This is a guide to repentance, in the form of a commentary on Psalm 27, intended to be used during the month of Elul, which preceeds Rosh Hashanah in the Jewish calendar. To start at the beginning, click here.
copyright Rabbi Amy R. Scheinerman
(For full text of psalm, click here.)
(7) Hear my voice, Adonai, when I cry out
have mercy on me and answer me.
(8) "For yourself," says my heart.
"Seek My face."
Adonai, I seek Your face.
(9) Do not hide Your face from me.
Do not push aside Your servant in anger.
You have always been my help.
Do not forsake me, do not abandon me, O Lord my deliverer.
(10) For my father and my mother abandon me, but Adonai gathers me up.
Rejection is a strong word in our language. It connotes disruption of a relationship, sometimes even finality. The thought of being rejected by someone else is painful. In the third stage of teshuvah, we come to see the positive side of rejection: Having assumed responsibility for our actions and come to regret them deeply, we now reject the behaviors at their core as behaviors unworthy of ourselves. When faced with a similar situation, we will not repeat our previous deeds.
Our Talmud teaches: If we are guilty of sin and confess it and yet do not change our ways, we may be compared to those who hold a defiling object even while they are immersed in purifying waters. Will all the world's waters help them? So long as we cling to defilement, the uncleanness remains.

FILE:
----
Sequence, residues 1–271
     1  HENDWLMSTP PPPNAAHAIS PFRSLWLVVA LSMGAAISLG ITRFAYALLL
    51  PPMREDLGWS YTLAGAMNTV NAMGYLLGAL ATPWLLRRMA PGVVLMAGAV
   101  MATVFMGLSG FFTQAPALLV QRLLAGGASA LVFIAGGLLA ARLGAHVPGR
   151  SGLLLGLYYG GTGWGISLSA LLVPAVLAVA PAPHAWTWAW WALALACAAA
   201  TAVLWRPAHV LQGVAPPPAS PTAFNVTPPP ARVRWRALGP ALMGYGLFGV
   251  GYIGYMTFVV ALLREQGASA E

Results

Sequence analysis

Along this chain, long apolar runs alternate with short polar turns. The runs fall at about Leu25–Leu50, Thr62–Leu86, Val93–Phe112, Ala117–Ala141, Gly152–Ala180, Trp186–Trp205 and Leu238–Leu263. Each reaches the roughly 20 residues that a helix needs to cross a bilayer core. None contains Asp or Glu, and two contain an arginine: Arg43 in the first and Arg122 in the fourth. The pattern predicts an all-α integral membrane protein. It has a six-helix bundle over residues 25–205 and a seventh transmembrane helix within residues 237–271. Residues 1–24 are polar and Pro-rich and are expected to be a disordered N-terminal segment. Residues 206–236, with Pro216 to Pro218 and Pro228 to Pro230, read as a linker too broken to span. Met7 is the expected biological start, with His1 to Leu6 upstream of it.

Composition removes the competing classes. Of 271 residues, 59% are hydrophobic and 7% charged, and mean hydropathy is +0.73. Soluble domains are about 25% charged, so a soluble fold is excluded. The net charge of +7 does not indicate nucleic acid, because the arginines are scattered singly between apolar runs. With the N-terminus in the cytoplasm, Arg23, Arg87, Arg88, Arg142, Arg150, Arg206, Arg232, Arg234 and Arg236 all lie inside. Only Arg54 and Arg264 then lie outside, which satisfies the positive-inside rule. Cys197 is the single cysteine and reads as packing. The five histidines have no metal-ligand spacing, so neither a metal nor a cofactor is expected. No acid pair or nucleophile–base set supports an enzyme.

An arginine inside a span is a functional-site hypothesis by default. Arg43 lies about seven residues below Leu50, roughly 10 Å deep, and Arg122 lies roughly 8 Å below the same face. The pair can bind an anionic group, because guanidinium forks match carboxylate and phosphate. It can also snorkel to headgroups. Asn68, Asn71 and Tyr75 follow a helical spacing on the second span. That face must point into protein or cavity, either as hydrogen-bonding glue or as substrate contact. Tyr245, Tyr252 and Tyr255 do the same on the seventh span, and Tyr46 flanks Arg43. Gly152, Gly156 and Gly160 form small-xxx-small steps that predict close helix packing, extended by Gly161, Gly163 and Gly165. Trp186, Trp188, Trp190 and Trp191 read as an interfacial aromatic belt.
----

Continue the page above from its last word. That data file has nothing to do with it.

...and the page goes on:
The people and situations in our lives which provoked the behaviors we want to change will still be there at the end of Elul and after Rosh Hashanah and Yom Kippur are long gone. The stimulation to be cruel, impatient, sharp, ungracious, intolerant, abusive, aggressive, defiant all remain. We cannot change others. It is a truism that we can only change ourselves. In the process of teshuvah, the proof of success in in the exhibition of change, genuine change. When faced with the same temptations to commit deeds unworthy of ourselves, do we resist? When faced with the same situations which used to evoke negative words and deeds, do we instead manage to take a deep breath and be patient, kind, tolerant, gracious and nurturing? The proof of successful teshuvah is when our behavior toward others -- both word and deed -- changes even though the people and situations we face have not changed. That happens because our lives have changed direction. No longer facing only ourselves, with our own interests in mind, we face God.